Tougher laws needed for unsafe building products: union

Construction Forestry Mining Energy Union

Tuesday, 02 February, 2016

The CFMEU is calling on the federal government to improve regulations over the use of imported and unsafe building products that fail to meet Australian standards.

The union said it had raised serious concerns in May last year but the government has fallen “asleep at the wheel” over the issue while the lives of the public remain at risk.

A unit fire in Melbourne’s Lacrosse building in November 2014 allegedly exposed the issue of non-compliant imported aluminium cladding with a plastic core being used in high-rise buildings in breach of the building code.

Research conducted by the AI Group shows many companies in the building and construction sector believe their market is penetrated by non-conforming product.[1]

The union said a more recent example involves student accommodation in Brisbane, currently sitting empty, which was constructed using aluminium cladding similar to the product linked to the Lacrosse building fire.

The product is reportedly certified overseas for its fire-retardant qualities but is not tested or passed in Australia.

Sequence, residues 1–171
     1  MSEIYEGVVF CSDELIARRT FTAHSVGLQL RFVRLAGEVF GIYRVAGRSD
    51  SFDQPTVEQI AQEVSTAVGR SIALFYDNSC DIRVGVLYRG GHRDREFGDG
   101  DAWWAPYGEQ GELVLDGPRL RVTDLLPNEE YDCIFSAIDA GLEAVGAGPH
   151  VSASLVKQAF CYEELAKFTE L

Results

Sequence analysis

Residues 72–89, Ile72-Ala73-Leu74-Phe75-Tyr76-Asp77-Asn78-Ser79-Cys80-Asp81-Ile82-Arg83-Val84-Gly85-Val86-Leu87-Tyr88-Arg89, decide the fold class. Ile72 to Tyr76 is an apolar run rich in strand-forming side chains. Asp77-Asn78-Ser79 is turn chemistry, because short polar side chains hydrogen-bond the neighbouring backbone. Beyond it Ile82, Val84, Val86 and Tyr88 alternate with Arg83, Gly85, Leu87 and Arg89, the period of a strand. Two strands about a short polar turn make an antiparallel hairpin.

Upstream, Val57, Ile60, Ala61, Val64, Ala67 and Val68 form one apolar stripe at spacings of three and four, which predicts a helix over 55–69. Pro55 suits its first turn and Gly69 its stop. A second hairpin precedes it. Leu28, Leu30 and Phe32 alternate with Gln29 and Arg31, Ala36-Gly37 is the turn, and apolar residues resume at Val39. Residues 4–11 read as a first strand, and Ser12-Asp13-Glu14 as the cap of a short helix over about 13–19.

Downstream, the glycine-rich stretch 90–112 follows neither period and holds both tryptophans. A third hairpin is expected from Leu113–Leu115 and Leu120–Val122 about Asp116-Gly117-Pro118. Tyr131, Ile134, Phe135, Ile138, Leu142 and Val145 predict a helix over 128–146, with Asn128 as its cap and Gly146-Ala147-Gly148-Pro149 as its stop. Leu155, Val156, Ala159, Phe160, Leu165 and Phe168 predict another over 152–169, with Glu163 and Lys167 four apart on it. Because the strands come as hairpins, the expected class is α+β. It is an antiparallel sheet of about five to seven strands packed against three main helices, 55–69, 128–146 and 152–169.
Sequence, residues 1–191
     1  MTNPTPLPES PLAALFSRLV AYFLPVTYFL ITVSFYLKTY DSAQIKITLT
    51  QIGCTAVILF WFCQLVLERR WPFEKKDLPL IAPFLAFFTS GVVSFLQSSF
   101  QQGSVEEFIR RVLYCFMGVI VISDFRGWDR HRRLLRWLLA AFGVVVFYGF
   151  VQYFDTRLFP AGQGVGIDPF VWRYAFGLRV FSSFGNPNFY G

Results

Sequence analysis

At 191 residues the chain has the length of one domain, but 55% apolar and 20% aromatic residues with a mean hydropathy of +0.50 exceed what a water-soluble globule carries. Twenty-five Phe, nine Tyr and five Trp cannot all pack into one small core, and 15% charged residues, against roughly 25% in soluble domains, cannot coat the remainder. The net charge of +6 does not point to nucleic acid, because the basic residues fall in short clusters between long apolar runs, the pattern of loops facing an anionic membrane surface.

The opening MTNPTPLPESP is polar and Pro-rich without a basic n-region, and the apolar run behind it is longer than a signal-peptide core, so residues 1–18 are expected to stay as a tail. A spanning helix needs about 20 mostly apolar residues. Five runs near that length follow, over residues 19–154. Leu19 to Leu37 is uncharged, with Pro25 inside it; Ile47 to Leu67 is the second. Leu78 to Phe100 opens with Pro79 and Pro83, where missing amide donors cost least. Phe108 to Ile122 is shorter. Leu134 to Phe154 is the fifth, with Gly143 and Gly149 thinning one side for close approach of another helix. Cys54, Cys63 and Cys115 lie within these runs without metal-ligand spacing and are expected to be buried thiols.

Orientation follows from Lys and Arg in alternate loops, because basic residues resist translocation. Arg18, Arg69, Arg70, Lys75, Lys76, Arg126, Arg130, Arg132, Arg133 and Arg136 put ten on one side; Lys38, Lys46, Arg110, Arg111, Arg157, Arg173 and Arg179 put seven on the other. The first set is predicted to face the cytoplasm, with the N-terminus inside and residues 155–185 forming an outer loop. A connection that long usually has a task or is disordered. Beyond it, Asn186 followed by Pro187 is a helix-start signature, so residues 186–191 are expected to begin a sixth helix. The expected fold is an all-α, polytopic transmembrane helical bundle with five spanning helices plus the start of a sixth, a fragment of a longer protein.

“This issue is not just isolated to the Mary Street project in Brisbane. The union has major concerns over the safety of potentially thousands of students who are currently residing in similar units built by the same developer in Kelvin Grove, Sydney and Melbourne and workers and residents in high-rise buildings throughout the country,” said CFMEU National Secretary Michael O’Connor.

He said it was time the government took a hard line as companies are putting the lives and safety of Australians at risk by misusing products not designed for high-rise buildings.

“It is abhorrent to see that the federal government have chosen to ignore public outrage and the advice from this union and have done nothing to correct the laws surrounding the use of imported building products,” said O’Connor.

He added that the union is currently in the process of completing an audit of the developer and projects with similar cladding to ensure the health and safety of the community.

[1] The Australian Industry Group, 2013, ‘The quest for a level playing field: The non-conforming building products dilemma’, <>, p5.

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